Serious questions have been raised about the functioning of the North’s prosecution service following the collapse of criminal proceedings brought on behalf of two West Belfast women who were allegedly sexually abused when they were young teenagers by Marty Morris, the IRA member at the centre of the Mairia Cahill abuse scandal.
The women were aged thirteen and fourteen at the time the alleged abuse began.
The two women, who at this stage do not want their names revealed, claim that Morris had subjected them to sexual abuse over a three year period between 1997 and 2000. They complained formally to the PSNI in early 2011, Morris was returned for trial in July 2011 but proceedings were delayed repeatedly and then indefinitely adjourned by the North’s prosecution service to facilitate Morris’ trial on IRA membership charges.
Like Mairia Cahill’s case, the PSNI and prosecution service decided that before the two women’s criminal complaint concerning sexual abuse could be dealt with Morris should face the IRA charge. The collapse of that case persuaded Mairia Cahill to withdraw from the abuse case against Morris while in the case of the two West Belfast women, they withdrew after an unsatisfactory meeting with the prosecution service.
The women’s lawyers, Joe Mulholland Solicitors, said in a statement issued last week:
We failed to comprehend the paramountcy the PPS gave to the membership case as opposed to the case involving the alleged sexual abuse of children, which far exceeds the test for prosecution and was prepared and ready for trial.
In December 2012 the lawyers asked for a meeting with the prosecution service:
…..following representations sent from our office to Barry McGrory QC highlighting our grave concerns, the PPS agreed to meet with our clients. We attended this meeting with the PSNI Investigating Officer, Prosecution Directing Officer, Prosecution Counsel and the Deputy Director of the PPS. There was a frank exchange of views. The PPS directing officer accepted that ‘they could have dealt with the case better’ and their junior barrister conceded that ‘the best way forward would be to have the abuse case dealt with first’. Our clients’ again stressed to the PPS that their statements were furnished solely with the view of prosecuting their abuser and they would have absolutely no involvement in any other emanating proceedings.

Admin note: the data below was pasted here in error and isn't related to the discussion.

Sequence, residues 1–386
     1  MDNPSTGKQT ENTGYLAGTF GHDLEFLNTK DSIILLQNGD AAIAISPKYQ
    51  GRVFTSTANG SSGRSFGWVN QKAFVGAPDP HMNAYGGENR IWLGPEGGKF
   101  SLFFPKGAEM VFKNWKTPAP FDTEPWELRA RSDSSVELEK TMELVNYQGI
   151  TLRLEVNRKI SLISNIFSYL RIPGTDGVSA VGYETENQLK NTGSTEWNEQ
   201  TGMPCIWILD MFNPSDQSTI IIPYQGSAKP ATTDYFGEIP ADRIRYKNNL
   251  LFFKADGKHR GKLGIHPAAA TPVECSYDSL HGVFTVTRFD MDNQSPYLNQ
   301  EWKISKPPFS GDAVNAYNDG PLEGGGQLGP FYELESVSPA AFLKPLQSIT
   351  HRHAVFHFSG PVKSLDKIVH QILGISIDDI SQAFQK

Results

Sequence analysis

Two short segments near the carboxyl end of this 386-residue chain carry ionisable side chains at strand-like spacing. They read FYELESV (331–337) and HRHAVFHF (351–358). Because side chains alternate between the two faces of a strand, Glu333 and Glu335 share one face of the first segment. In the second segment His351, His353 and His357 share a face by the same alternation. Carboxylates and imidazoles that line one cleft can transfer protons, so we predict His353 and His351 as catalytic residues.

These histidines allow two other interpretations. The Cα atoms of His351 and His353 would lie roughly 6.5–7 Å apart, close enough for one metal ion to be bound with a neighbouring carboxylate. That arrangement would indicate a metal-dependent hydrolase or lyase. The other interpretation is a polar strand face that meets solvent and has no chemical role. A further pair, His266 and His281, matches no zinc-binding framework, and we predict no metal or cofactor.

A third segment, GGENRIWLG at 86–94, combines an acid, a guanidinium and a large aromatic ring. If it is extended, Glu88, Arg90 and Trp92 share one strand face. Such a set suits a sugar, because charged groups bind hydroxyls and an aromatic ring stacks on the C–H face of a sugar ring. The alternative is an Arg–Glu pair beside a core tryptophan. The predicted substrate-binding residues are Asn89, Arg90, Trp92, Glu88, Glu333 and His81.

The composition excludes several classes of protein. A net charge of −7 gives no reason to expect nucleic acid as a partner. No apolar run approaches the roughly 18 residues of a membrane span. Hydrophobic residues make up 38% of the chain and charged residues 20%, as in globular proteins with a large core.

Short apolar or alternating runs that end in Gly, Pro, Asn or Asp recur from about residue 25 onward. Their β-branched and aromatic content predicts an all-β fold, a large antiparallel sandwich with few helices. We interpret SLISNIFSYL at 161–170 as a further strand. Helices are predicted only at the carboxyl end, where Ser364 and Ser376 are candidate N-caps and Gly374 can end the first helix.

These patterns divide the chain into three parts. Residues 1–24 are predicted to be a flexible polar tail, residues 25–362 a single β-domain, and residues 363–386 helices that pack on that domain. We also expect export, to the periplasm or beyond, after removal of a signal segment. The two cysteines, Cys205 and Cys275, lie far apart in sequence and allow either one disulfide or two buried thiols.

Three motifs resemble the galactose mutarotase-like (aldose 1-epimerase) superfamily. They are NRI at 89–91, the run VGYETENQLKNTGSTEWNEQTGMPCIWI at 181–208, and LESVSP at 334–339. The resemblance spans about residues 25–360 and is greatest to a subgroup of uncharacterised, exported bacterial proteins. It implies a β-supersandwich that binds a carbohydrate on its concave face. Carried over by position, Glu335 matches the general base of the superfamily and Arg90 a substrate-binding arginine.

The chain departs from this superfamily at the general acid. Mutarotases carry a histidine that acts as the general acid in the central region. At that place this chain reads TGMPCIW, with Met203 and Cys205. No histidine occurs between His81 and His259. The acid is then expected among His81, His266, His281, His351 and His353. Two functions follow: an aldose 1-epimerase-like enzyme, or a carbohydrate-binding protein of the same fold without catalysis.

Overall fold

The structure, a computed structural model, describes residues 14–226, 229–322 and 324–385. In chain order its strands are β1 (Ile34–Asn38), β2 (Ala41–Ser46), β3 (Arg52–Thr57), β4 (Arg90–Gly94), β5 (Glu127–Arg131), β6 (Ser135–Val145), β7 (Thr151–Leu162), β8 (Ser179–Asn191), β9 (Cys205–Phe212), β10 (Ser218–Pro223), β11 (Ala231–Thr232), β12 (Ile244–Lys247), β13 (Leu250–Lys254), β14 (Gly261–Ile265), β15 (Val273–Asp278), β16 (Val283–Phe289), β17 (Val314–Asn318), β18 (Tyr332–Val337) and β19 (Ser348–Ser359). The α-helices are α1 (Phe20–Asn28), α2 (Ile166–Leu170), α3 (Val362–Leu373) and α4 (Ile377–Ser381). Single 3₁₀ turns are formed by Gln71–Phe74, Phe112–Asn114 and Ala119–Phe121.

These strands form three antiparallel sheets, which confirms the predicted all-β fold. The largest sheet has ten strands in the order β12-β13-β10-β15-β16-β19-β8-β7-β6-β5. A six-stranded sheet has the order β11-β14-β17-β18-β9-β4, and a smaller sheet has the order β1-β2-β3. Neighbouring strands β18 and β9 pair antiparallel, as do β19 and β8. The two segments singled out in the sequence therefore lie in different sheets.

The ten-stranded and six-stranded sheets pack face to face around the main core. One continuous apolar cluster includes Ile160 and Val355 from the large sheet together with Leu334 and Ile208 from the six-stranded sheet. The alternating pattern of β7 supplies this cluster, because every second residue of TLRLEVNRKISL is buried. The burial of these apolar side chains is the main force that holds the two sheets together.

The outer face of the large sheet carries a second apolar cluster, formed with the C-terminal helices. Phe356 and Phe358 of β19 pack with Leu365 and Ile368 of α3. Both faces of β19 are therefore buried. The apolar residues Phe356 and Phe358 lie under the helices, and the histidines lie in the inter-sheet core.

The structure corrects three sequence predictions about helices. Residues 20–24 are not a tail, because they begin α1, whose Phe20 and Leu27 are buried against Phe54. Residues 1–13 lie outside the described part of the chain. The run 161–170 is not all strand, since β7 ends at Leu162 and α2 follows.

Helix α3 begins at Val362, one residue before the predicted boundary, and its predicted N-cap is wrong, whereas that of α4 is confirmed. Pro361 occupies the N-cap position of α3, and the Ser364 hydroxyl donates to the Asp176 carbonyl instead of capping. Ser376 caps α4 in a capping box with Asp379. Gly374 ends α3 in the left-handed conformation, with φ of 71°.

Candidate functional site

Unfortunately no progress was made and therefore our clients’ reluctantly withdrew their statements against their perpetrator; however felt it appropriate in the circumstances. They had lost all faith and trust in the criminal justice system and believed they were being exploited, merely for political point scoring. The impact of the horrendous abuse(d) our clients’ sustained continues daily. The sensationalism of this case continues to re-trauma our clients who want to move on with their lives in privacy. They have asked that their privacy and the privacy of their family be respected.
A number of questions leap out from the exchange between the women’s lawyers and the prosecution service: if the prosecution lawyers involved in this case had reservations about the way it was being handled who then decided to give precedence to the IRA membership charge against Morris, given that its collapse was the trigger that ended the sexual abuse trials? Was there political interference in the decision-making process? And what role did Barra McGrory, appointed Director of the Public Prosecution Service in 2011, play in the affair?
So far Mr McGrory’s previous role as Gerry Adams’ lawyer has so far not figured in the scandal but that position may not be sustainable the deeper the prosecution service gets embroiled in this affair.